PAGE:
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Clarkson University Engineering Professors Win Grants for Innovative Research
[A photograph for media use is available at http://www.clarkson.edu/news/photos/coulter-seed-2 008.jpg ]
These five projects are great examples of the innovative basic engineering research necessary to make advances in health care, environmental quality, and advanced new materials supporting our nation's competitiveness, said Coulter School Dean Goodarz Ahmadi.
Technology serving humanity, the motto of the Coulter School of Engineering, served as one of the major criteria for projects receiving this year's seed grants.
Asst. Prof. Shane Rogers, Assoc. Prof. Stefan Grimberg and Prof. Thomas Holsen of the Department of Civil and Environmental Engineering will be developing new techniques to measure the deposition of bioaerosols from agricultural operations. Bioaerosols are small particles from biological sources such as manure or dust from animal feed. They can harbor pathogens and, thus, can represent a significant health threat if carried down wind and deposited near human populations. The study will include some preliminary testing to develop bioaerosol samples collection and testing methods to identify the presence of pathogens such as salmonella or E. coli.
Asst. Prof. Kevin Fite of the Department of Mechanical and Aeronautical Engineering has been investigating the design and control of advanced prosthetic limbs that provide output power capabilities approaching that of natural human limbs. He will be developing approaches to control a lower-extremity prosthesis based on models of human biomechanics. In particular, this work will investigate means for integrating the prosthesis into the amputated limb to enable it to behave as a natural extension of the amputee's residual limb. The research results should help a person with an above-knee amputation to walk with a natural gait.
Asst. Prof. Andrea R. Ferro and Post-doctoral Asst. Jing Qian of the Department of Civil and Environmental Engineering Department have previously identified the potential for exposing humans to hazardous particles in indoor air from everyday activities such as walking across a rug. In their new research efforts, they will identify the scientific mechanisms responsible for the formation of this dust cloud. Ultimately, providing an understanding of the science will help to better predict the extent of human exposure and health threats associated with resuspended particles in our indoor environments.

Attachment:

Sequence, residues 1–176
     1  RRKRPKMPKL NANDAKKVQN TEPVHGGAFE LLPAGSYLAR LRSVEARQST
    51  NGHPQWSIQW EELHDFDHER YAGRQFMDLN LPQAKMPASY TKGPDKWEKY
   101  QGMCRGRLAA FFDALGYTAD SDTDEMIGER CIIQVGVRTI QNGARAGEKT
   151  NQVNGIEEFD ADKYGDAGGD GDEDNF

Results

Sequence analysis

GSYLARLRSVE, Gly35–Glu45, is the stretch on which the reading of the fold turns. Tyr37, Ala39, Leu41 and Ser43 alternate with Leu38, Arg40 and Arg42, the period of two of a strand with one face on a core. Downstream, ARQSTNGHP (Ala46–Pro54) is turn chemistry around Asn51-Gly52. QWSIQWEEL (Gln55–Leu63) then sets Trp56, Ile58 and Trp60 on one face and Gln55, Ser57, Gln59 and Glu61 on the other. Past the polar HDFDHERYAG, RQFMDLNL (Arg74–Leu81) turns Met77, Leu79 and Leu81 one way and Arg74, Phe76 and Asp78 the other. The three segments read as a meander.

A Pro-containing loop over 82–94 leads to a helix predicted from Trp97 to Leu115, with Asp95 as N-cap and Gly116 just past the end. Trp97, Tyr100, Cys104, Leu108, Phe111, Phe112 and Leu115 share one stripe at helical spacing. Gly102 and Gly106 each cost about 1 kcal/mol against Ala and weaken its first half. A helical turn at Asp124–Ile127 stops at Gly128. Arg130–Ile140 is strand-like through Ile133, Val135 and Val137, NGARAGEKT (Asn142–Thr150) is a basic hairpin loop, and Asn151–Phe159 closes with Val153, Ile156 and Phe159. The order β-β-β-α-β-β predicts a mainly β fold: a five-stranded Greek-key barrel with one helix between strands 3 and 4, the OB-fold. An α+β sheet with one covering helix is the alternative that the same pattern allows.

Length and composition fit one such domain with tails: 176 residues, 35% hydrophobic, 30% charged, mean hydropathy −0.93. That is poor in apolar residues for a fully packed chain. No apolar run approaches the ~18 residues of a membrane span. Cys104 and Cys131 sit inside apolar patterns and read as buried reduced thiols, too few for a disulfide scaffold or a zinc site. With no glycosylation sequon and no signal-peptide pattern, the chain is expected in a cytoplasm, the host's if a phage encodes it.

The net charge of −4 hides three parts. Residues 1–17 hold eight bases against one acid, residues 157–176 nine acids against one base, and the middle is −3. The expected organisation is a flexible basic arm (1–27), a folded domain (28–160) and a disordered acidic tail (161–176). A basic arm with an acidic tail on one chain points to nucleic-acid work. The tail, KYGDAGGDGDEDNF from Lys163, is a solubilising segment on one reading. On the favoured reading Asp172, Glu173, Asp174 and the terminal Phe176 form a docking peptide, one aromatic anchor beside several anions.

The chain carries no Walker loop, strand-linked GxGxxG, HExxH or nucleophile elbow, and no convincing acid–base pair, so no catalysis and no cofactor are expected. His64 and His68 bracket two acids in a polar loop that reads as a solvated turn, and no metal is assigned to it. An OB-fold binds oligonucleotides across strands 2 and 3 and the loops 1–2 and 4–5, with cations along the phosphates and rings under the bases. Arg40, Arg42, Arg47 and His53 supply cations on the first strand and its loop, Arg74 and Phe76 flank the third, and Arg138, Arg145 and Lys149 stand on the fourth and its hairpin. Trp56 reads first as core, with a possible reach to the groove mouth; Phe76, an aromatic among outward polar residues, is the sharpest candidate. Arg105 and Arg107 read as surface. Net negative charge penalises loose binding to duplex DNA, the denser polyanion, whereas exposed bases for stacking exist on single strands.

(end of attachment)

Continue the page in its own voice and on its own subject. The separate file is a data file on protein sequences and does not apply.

Asst. Prof. Weiqiang Ding of the Department of Mechanical and Aeronautical Engineering and Prof. Daryush K. Aidun, chair of Mechanical and Aeronautical Engineering, are developing characterization techniques for new lightweight and strong composite materials that could find their way into automobile or aerospace manufacturing applications. In this project, they will explore the reliability and long-term durability of these materials in terms of the resistance to environmental conditions so that their safe use in engineering applications can be assured.
All of the seed grant projects funded through the Coulter endowment are aligned with three of the University's strategic thrust areas: advanced materials, the environment and energy, and biosciences and bioengineering.
Clarkson University crosses the boundaries of disciplines, nations and cultures in order for discovery, engineering innovation and enterprise to come together. As a result, faculty and graduates grasp the full impact of their calling, direct their research to the world's pressing issues and lead with confidence and distinction. One in seven alumni is already a CEO or other senior executive. Located in Potsdam, N.Y., just outside the six-million-acre Adirondack Park, Clarkson is home to 3,000 students preparing for rewarding careers through 50 rigorous programs of study in engineering, business, arts, science, and health sciences, as well as unparalleled outdoor recreation and life experiences beyond the classroom.